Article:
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Foulsham by Edward Carey
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As a consequence of events at the end of Heap House, Clod Iremonger and Lucy Pennant, the two main protagonists, begin their individual narratives separated from each other, both making their ways, in one form or another, to Foulsham; there each will encounter dangers before they are (briefly) reunited.

I really don't want to give anything else away, only to say that the plot twists and turns like the narrow Foulsham alleys. Familiarity with the events in the first volume is absolutely essential as the action follows on almost seamlessly where Heap House left off. Events take on a much darker and more sinister turn, and some of the passages make for very grim reading indeed and moments of extreme poignancy. But Clod and Lucy are such wonderful creations, brave and determined against all odds and frankly inspiring, that I repeatedly felt like cheering them on. Even more so than its predecessor, Foulsham is markedly mature for a YA read, tackling some very grown-up notions of right and wrong, courage to stand up for one's beliefs and social injustice, and Clod especially has a very wise and philosophical head on his shoulders. If I have one (small) criticism, it is that the villains appear to have no redeeming qualities at all - not that this makes them any less scary or believable. Once again the author leaves the reader at sea with a big cliff-hanger at the end of the novel, and reading the final volume in the Iremonger trilogy will now become a matter of some urgency as I need to know what happens next.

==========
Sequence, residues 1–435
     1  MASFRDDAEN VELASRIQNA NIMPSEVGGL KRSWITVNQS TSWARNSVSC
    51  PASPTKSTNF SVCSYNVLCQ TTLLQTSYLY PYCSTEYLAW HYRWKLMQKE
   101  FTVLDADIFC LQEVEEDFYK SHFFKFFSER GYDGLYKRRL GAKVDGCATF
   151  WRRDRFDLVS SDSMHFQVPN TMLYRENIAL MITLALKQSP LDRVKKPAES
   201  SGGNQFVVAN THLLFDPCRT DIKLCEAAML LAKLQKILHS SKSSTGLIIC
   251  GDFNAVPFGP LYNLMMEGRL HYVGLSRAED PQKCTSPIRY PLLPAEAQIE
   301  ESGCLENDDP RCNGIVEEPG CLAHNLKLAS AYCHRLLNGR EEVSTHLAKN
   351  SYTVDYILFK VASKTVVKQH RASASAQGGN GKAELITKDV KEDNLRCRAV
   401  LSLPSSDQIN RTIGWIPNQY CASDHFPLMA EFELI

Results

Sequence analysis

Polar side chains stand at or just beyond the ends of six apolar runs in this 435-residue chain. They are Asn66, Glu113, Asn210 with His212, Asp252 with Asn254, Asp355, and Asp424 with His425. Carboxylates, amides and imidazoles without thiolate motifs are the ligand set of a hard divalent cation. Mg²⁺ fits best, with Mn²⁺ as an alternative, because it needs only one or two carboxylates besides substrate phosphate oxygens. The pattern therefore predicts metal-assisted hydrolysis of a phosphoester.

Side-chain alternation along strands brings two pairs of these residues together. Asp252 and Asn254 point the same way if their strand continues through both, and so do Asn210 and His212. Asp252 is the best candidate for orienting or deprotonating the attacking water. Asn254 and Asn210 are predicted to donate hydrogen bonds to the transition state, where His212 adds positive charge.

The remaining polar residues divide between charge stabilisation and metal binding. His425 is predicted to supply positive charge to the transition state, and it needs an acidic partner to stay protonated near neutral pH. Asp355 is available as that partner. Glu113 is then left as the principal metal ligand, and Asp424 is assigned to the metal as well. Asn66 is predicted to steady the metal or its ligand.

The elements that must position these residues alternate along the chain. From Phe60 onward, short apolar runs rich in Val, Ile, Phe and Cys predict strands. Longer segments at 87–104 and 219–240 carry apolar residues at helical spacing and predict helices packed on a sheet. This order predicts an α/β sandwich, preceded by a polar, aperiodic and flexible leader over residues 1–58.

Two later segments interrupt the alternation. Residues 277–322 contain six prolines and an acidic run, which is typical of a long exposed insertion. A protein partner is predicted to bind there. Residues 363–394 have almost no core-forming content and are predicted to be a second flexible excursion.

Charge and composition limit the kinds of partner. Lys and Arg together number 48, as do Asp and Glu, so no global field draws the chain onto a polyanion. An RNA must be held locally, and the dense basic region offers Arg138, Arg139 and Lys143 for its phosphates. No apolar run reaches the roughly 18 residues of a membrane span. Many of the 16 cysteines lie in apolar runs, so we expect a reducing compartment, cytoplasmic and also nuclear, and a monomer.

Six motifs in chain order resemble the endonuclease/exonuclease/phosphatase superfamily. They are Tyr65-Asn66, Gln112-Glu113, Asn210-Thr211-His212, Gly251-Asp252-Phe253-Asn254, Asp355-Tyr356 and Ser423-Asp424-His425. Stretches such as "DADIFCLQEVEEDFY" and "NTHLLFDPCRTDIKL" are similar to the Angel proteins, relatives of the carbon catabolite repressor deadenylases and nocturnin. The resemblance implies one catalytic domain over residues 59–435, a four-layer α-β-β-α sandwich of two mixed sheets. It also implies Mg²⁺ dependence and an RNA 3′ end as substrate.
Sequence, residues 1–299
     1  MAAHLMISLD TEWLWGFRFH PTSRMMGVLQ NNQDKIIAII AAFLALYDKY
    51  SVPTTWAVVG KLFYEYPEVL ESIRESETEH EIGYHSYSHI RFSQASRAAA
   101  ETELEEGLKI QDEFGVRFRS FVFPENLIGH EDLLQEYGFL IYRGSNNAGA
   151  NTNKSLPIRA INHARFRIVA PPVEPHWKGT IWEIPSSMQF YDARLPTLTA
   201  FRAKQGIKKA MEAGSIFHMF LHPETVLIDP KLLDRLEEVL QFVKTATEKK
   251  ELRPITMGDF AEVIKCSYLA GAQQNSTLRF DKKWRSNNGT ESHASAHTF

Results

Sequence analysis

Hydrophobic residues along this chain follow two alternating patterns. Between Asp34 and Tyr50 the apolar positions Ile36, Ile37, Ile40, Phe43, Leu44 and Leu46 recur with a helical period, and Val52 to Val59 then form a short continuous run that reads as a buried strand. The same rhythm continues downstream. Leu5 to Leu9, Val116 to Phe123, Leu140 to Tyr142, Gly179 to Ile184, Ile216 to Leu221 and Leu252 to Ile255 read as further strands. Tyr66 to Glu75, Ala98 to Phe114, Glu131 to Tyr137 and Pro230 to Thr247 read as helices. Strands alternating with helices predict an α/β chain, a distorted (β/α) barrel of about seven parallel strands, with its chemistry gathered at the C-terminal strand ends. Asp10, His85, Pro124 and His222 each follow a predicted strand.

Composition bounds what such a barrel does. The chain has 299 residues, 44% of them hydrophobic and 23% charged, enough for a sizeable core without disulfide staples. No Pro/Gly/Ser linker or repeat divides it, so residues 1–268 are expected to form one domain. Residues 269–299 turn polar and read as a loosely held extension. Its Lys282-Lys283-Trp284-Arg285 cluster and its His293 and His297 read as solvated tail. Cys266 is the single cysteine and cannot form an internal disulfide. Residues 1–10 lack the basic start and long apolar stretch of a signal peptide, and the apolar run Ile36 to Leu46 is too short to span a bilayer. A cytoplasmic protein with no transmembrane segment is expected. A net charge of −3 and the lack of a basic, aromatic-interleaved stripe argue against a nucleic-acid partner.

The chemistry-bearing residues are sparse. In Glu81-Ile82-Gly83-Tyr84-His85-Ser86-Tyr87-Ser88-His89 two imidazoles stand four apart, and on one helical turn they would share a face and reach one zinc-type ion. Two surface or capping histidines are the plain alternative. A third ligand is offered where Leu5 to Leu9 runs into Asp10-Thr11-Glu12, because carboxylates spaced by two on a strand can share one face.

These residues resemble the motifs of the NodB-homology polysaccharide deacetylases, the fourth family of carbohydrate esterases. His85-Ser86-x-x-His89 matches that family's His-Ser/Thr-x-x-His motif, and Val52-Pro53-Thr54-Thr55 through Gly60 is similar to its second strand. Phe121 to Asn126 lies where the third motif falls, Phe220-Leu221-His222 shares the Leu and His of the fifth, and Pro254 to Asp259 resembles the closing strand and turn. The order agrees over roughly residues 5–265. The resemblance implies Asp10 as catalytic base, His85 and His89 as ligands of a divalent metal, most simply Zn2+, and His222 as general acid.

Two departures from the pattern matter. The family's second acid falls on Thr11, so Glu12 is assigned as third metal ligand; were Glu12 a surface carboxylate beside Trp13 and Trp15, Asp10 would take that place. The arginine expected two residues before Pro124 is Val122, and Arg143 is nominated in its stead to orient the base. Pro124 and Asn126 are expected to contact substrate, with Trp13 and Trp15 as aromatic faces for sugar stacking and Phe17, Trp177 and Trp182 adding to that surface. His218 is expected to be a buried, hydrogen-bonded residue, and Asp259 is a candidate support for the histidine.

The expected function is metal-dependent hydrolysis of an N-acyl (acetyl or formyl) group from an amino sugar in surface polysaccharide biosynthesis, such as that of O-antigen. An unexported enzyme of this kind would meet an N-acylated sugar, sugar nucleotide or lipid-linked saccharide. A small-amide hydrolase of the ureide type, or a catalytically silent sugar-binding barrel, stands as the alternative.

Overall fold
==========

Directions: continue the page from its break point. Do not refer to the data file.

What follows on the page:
The author has incorporated many familiar elements and concepts in the storyline and yet has managed to create something that feels entirely original. As the horror quotient has been turned up from book one to such a degree that it would perturb younger readers, I would recommend this series to any readers from the age of 14+. ( )
  passion4reading | Jun 10, 2016 |
Here's the second installment of the Iremonger Trilogy. I should be receiving the third book any day now.

Now this one was more fun to read. Foulsham was much better a read than Heap House but it still could have been written much better. As I read, I kept hearing the raspy voice of a scullery maid. There was repetition and backwards talk that was annoying from time to time, but I pushed through it and liked it much better.

In book two, everything takes place in Foulsham which is a totally different place from Heap House where it's run by an Uncle Umbitt. The man's the reason for all the inanimate objects going rogue as people and people turning into inanimate objects. I can' tell too much of the story without telling the story of Heap House- and you know how I feel about spoilers! Just know this, Clod is a gold coin, being spent all over town and poor Lucy (lost amongst the heaps) is a clay button!

Check out Foulsham. If you read independent of Heap House (which I rated last week), you may find yourself lost but it still reads best! Have an amazing day. Go out and find an amazing book! ( )
  AReneeHunt | Sep 5, 2015 |
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They told me I was the only child in the whole great building, but I wasn't.
I used to think living was a safe thing to do. (Clod Iremonger, p. 218)
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(Click to show. Warning: May contain spoilers.)
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There's something rotten
at the heart of Foulsham, and
the filth is spreading.

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